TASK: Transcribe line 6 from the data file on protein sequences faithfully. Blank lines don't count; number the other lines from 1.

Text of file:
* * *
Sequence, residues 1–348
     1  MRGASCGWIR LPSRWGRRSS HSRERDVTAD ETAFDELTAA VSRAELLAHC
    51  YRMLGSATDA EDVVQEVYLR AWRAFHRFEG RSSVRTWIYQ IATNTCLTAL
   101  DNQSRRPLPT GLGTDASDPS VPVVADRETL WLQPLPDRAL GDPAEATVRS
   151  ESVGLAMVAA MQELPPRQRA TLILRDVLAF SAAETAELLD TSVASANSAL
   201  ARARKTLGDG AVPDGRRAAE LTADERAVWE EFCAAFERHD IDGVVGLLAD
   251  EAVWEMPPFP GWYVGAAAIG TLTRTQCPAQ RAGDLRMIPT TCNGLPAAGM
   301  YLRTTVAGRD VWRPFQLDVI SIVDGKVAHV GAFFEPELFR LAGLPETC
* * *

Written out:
   201  ARARKTLGDG AVPDGRRAAE LTADERAVWE EFCAAFERHD IDGVVGLLAD